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31.03.2020 Article

Ghana - Past Experiences, Today’s Lessons

By George-Maclean Adzidaglo
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The world indeed is a global village filled with so much misery. We have failed to understand the dynamics of nature because we have beclouded our minds with worldly things and wickedness, and self-centeredness has become the order of the day.

As a little boy growing up in my small town in the Volta Region of Ghana, I heard about a lot of bad things our leaders did which resulted in Coup d’état, revolutions and all kinds of inhuman activities which led to successive overthrow of governments. This was not only peculiar to my motherland Ghana but with many other countries in Africa.

The first question that comes to my mind while thinking about the past is what lessons have we learned from those days as most of the countries under military governance are now reverting to democratic rules? We have heard of our leaders steal our monies and transfer them to foreign accounts. Our leaders refuse to improve or invest heavily in our educational institutions because they have stolen enough to give their children quality education in schools abroad, so apparently, why should they care? Our national wealth is spent privately by our leaders and their privileged children, in the UK, the USA, Canada, Dubai, Switzerland, et al.

Despite all the mineral resources that our motherland is endowed with, our leaders failed woefully to invest in the health sector and upgrading our hospitals. Today, with all the wealth we hear that we have, we are unable to provide quality healthcare. Again, they do not care, because taxpayers’ money is readily available to airlift them to foreign countries for better healthcare delivery.

The second question that bugs my mind is, what happens to those who do not have access to the taxpayer’s money to enable them airlift themselves for better healthcare delivery and quality education? Ghana has become a country where everything is politicized and opportunities are created and given depending on the political party one belongs to and which political party is in power.

My heart bleeds every time I wake up to see our leaders who are supposed to be thinking and taking excellent decisions on our behalf, on television, engaging in arguments which in the long run bring no benefit to the country, but for a select few who we have given the privilege to be in authority.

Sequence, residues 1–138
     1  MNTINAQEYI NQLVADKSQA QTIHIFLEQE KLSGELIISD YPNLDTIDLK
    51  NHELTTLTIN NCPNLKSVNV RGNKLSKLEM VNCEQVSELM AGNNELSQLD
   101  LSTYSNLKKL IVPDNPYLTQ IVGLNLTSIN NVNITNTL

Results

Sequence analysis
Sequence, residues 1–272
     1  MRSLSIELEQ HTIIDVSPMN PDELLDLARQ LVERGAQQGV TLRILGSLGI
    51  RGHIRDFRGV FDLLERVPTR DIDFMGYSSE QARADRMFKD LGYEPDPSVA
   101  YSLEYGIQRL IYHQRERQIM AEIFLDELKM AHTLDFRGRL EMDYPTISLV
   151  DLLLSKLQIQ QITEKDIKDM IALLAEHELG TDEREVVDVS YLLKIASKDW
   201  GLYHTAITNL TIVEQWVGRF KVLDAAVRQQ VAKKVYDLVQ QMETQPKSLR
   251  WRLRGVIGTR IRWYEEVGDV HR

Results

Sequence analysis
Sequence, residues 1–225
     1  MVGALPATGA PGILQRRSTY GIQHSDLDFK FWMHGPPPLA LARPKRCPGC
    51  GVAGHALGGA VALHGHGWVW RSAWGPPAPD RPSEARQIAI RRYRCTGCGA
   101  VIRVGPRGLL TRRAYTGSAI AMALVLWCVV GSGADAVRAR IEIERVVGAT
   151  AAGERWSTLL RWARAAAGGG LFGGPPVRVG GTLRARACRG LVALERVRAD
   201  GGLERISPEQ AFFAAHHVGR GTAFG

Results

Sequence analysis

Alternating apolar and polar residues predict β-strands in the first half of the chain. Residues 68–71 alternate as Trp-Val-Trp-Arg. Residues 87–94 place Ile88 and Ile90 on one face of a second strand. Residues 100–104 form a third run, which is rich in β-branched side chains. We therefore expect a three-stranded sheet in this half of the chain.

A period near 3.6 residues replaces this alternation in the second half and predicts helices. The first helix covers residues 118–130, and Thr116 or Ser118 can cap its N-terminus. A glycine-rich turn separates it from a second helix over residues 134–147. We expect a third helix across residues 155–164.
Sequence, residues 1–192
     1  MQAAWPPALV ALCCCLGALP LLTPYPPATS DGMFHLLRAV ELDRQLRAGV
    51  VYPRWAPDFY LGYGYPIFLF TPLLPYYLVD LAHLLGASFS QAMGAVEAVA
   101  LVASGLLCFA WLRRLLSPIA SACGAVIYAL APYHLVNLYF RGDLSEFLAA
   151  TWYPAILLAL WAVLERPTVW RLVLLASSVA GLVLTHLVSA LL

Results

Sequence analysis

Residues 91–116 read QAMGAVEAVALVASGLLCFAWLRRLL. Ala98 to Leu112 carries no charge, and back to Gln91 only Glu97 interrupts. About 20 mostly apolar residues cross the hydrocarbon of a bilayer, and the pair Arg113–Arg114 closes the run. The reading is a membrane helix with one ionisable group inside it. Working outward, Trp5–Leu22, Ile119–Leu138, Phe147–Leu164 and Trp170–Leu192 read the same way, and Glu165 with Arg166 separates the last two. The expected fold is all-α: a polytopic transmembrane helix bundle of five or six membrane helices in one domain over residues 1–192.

Under the Imposition of Restriction Act, 202 (Act 1012) our President acted within his power to pronounce LOCKDOWN, violation of which will occasion penalty well defined in the Act. It brings me to my next question: Why the imposition of restriction Act? Was it necessary?

The answer is simple. We woke up one day to the update that there is an outbreak of a virus called CORONAVIRUS in Chinese province of Wuhan. Little did we know that the said virus could travel and affect people all over the world, not excluding our beloved country Ghana. Out of that outbreak, most countries in the world are affected, with staggering death rates, even in the so called superpower countries of the world.

The world was not prepared for such a pandemic as the World Health Organisation (WHO) has described it, our brothers and sisters especially those in Europe began to return home, and this eventually imported the virus into our country. This forced His Excellency the President to act looking at the number of affected persons and number of death recorded so far.

As I write this piece, Ghana has close its borders, seaports and airports. Those who were able to enter the country before the closure are quarantined awaiting testing. Ghana is not the only country that has closed its borders. Other countries have done same, and it would be difficult for anyone to enter those countries. This is where my biggest concern or question is: We failed to develop our own. Our healthcare facilities in the country are not up to those in developed countries where our leaders normally run to for medical care. Their monies are locked up in those countries as nobody can cross the border and enter those countries now. If they fall sick under this lockdown, are they ready to share or attend our medical facilities which is unusual about them?

I think God is teaching our leaders some important lessons. We need to desist from the politics of self-centeredness. Successive governments fail to continue the work of their predecessors which has brought us to where we are today, with so much avoidable loss.

Projects and infrastructures that Kwame Nkrumah started before his death are still incomplete because we failed to buy into his ideology. This is the same story with J. J. Rawlings, J. A. Kuffour, J. E. Attah-Mills and J. Mahama. Currently, a lot of work start before J. Mahama lost the 2016 Presidential elections, are still standing incomplete. Even those he completed and could not commission before he left office have almost become white elephants.

What lessons are we learning from this Coronavirus saga? I urge our leaders to have the country at heart and shun the personal and parochial interest which currently drive their decisions and actions. I am urging those seeking political offices to make it a point of duty, to take up any pending developmental project started by their predecessors and complete same for the glory of our motherland.

Long live Ghana
Stay safe
Adhere to all the precautionary measures
By George-Maclean Adzi

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